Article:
At the same time this was occurring, the area of low pressure was continuing to strengthen as it moved east through southern Kansas. From the evening of the 27th through the 28th, this low produced a 6-12" snow band from southeast Wyoming east across northern Nebraska into northwest Iowa. The heaviest snow in this band was found in Alliance and Harrison, Nebraska where 12" had fallen. The weight from the heavy wet snow caused considerable damage to power lines, telephone lines, telegraph lines, trees, and shrubs.
During the late afternoon and evening of May 28th, the surface low began to move northeast across northern Missouri, northwest Illinois, and southeast Wisconsin. The reason for this change in direction was due to a strong upper level disturbance that had dropped into the base of the upper level trough over Nebraska during the day. This upper level disturbance caused an amplification of the upper level ridge over the Ohio Valley and much of New England. As a result, temperatures in this region climbed into the 80s instead of the 50s and 60s which were seen the day before. However on the cold side of the system, temperatures remained in the 30s and 40s in the Upper Mississippi Valley. In addition to the cold temperatures, rain changed to snow across southern Minnesota, northeast Iowa, and across much of Wisconsin. This was the latest snow ever reported in a season in this area, with some places experiencing their biggest May snow storm on record.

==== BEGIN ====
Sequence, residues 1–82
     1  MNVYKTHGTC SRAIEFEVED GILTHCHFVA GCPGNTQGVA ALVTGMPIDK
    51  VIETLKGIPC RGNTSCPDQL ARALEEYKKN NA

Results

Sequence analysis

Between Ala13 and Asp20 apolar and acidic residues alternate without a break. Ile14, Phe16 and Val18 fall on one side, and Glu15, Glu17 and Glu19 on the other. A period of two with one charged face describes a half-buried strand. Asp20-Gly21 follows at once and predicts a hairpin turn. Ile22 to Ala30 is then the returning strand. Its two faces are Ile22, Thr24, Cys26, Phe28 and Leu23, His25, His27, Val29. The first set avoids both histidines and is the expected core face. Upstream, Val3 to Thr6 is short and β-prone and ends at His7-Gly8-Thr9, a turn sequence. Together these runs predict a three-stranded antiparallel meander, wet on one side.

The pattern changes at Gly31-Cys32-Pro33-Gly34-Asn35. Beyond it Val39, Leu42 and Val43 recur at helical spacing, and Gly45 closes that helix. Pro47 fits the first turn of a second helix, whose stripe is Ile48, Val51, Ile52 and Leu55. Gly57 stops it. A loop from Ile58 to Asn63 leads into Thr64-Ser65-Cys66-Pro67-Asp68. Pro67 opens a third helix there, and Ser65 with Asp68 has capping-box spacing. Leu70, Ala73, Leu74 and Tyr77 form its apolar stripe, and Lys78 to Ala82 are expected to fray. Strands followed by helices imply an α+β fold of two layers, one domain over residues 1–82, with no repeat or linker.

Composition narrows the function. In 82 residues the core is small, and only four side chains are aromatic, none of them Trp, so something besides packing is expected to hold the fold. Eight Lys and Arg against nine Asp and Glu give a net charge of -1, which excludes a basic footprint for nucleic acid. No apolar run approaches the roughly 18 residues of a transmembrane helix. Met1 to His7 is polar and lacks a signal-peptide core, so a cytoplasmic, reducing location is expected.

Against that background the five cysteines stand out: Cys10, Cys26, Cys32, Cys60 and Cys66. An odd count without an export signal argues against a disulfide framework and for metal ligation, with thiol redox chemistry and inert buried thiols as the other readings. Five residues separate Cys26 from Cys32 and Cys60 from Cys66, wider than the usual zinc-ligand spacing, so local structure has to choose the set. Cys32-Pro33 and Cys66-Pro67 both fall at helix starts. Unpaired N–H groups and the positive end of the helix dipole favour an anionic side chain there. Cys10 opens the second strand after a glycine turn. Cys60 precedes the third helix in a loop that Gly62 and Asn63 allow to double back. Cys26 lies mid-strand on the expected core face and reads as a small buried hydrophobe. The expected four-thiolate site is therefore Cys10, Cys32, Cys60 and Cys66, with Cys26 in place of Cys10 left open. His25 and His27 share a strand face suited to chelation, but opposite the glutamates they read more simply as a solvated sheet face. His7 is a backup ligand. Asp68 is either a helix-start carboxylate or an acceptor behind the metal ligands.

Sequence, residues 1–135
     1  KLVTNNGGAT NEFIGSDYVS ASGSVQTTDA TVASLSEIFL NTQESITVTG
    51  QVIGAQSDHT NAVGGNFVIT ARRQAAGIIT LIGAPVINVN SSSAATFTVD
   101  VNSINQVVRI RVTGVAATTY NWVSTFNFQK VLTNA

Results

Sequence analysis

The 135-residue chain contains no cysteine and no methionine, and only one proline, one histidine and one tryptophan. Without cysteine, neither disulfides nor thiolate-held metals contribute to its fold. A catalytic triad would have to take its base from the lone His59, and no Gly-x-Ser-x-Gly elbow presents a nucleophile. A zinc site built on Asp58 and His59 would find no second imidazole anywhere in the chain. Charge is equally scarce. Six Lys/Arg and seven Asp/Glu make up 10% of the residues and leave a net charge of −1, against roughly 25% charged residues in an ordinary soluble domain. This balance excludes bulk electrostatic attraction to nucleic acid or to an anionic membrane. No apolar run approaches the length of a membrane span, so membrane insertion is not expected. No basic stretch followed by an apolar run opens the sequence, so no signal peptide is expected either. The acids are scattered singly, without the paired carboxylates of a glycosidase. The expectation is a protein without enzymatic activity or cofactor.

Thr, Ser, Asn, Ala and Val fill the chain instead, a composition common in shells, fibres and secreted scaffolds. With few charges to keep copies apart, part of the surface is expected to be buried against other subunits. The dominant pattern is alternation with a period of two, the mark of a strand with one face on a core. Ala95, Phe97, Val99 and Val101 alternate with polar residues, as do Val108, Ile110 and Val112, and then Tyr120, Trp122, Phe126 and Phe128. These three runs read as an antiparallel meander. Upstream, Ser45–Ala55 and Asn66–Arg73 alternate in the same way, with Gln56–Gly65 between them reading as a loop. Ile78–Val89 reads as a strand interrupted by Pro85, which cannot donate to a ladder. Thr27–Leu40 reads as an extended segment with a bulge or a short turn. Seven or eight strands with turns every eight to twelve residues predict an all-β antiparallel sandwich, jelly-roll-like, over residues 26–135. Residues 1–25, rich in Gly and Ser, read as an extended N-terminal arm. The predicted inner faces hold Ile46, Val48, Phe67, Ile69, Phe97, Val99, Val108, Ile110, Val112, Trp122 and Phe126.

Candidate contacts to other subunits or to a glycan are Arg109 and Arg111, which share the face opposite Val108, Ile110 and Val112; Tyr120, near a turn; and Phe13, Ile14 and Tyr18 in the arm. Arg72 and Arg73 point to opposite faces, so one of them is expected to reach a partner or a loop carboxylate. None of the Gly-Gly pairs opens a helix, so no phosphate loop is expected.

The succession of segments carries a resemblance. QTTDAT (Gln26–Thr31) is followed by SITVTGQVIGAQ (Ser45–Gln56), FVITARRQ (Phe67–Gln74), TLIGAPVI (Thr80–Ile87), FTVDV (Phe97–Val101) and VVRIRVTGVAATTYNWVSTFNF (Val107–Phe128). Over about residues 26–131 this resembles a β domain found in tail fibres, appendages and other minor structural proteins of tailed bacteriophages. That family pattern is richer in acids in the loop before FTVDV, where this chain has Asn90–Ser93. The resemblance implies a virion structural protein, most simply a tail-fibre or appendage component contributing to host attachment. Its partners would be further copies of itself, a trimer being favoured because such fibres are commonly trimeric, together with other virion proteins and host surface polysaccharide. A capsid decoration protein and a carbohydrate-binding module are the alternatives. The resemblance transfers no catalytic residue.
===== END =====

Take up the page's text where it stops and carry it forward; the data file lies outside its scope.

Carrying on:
From the late afternoon of the 28th into the early morning hours of the 29th, 7-10" of snow fell across Allamakee County in northeast Iowa, and Vernon, Crawford, southern Monroe, and Richland Counties in southwest Wisconsin. The heaviest snowfall amount was 10" in Gays Mills, WI. Meanwhile, a 7-9" band of snow fell across northern Adams, Waushara, Winnebago, Outagamie, and Waupaca Counties in central and east central Wisconsin. The weight of the heavy snow caused severe damage to power lines, telephone lines, bushes, and trees.
Through the years, this late season snow storm has been purged from memories of many people in northeast Iowa, southeast Minnesota, and western Wisconsin. Maybe it is that people do not want to think about snow in late May or that the snow quickly melted, but very few remember this storm. If it was not for this author stumbling upon a 9 inch snow amount in Viroqua, Wisconsin this reminder that snow storms can occur this late in the spring in the Upper Mississippi Valley may have never been written.....................................................................................
Today promises to be another toasty spring day with most areas back in the lower 90s. Some spotty thunderstorms are possible, mainly in the afternoon. Later Tuesday night or Wednesday, the remnants of Alberto (mainly its moisture) and some energy ejecting out of the Plains should increase the coverage of showers and storms. A few strong storms are possible but the main impacts from them should be locally heavy downpours, although they look rather spotty.
That's it for now, stay cool and loose! Roll weather...TS